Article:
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Jaitley blasts Cong for raking up snooping row, targeting Air Force chief

12/21/2018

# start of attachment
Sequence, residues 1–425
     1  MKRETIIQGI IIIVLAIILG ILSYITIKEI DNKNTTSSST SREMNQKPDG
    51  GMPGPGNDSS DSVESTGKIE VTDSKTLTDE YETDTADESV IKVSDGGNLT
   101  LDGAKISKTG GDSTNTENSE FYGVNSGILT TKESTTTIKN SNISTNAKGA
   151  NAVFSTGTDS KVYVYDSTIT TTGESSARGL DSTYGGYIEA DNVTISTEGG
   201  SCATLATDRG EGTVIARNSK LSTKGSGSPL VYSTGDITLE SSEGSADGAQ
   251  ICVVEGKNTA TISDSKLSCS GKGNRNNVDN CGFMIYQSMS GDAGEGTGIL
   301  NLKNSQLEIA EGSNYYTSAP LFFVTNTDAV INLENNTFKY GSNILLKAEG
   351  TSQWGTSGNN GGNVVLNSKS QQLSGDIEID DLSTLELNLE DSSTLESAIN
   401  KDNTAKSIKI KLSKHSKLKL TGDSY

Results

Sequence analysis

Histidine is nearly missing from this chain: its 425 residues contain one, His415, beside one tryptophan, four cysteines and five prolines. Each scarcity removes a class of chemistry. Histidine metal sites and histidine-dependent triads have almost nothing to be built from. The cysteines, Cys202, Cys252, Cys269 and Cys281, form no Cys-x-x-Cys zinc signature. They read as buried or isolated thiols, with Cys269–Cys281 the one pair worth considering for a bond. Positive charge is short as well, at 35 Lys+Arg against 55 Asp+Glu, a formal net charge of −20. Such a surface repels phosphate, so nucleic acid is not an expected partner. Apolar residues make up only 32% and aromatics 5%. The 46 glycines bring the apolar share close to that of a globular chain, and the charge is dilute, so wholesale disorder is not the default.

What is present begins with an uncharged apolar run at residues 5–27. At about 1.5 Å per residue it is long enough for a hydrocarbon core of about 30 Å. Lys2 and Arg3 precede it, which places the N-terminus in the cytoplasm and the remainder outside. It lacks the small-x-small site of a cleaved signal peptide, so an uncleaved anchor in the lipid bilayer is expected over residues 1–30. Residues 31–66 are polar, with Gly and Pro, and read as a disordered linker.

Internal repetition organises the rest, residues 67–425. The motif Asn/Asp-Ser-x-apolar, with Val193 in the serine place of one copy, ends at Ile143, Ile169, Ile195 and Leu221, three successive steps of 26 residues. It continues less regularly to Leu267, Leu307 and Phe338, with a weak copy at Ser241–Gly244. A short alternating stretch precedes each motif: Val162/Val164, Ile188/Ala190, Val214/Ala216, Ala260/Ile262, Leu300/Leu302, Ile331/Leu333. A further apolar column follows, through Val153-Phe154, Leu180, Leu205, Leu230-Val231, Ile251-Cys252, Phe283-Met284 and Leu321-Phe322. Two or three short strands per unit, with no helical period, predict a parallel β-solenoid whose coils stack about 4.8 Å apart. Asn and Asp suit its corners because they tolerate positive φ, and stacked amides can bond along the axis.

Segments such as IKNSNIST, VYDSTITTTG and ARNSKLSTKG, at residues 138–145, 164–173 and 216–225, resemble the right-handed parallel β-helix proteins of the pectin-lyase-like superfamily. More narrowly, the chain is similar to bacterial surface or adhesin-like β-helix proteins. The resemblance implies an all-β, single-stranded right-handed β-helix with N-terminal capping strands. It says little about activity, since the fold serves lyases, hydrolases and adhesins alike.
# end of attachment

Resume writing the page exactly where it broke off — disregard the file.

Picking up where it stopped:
New Delhi, Finance Minister Arun Jaitley on Friday lambasted the Congress party for 'targeting' the chief of Air Force Air Chief Marshal B S Dhanoa and suggested that the grand old party needs to 'mature'. ".... by targeting the Chief of a Service in a political debate, the Congress Party has broken a long-standing unwritten rule of Indian politics. We keep our forces out of political discourse.....After having ruled this country for decades, the grand old party needs to mature," Mr Jaitley wrote in a blog posted on Facebook. He said the Indian military is a "professional one and subject to a civilian authority". "Unlike our western neighbour, it is non-political and non-partisan. We owe it to our armed forces the gratitude of having successfully defended this nation," he said. The remarks came in the wake of attack on Air Force chief by senior Congress leader M Veerappa Moily. "The Congress spokespersons are criticising the Chief of the Indian Air Force for having stated that the Air Force urgently needs the Rafale to improve its combat ability. It is the Indian Air Force and its Chief who are the most competent persons to comment on it," he said. "The Air Force was involved in the selection of Rafale when UPA was in power, as also when the NDA is in power," said Mr Jaitley, who has held the charge of Defence portfolio in two brief spells. "The aircraft with its weaponry is needed to maintain the combat ability of our forces," he said. The Finance Minister also slammed the Congress for raking up the 'snooping on computers' row. "Since morning an ill-informed campaign that Government has allowed snooping on computers and is violating the Right of Privacy has been carried out. The Congress Party has got into the habit of speaking out first and understanding the issue only subsequently," he wrote. Earlier in the day when the issue was raised in Rajya Sabha by Congress, Mr Jaitley dismissed saying 'The Opposition members were making a mountain where a molehill doesn’t exist' and that the Ministry of Home Affairs order came in tune with the law enacted by the UPA regime in 2009. Mr Jaitley further wrote: "In fact, during UPA-II in a detailed debate in Parliament relating to a corporate lobbyist, the then Home Minister P Chidambaram strongly defended this power of interception being given to taxation authorities". "But the Congress talks first and thinks later. There is no general snooping order. The power to intercept in the interest of national security and public order already exists in law. This is only an order as to who are the authorised agencies. It is only in cases mentioned in Section 69 of the IT Act," he said.

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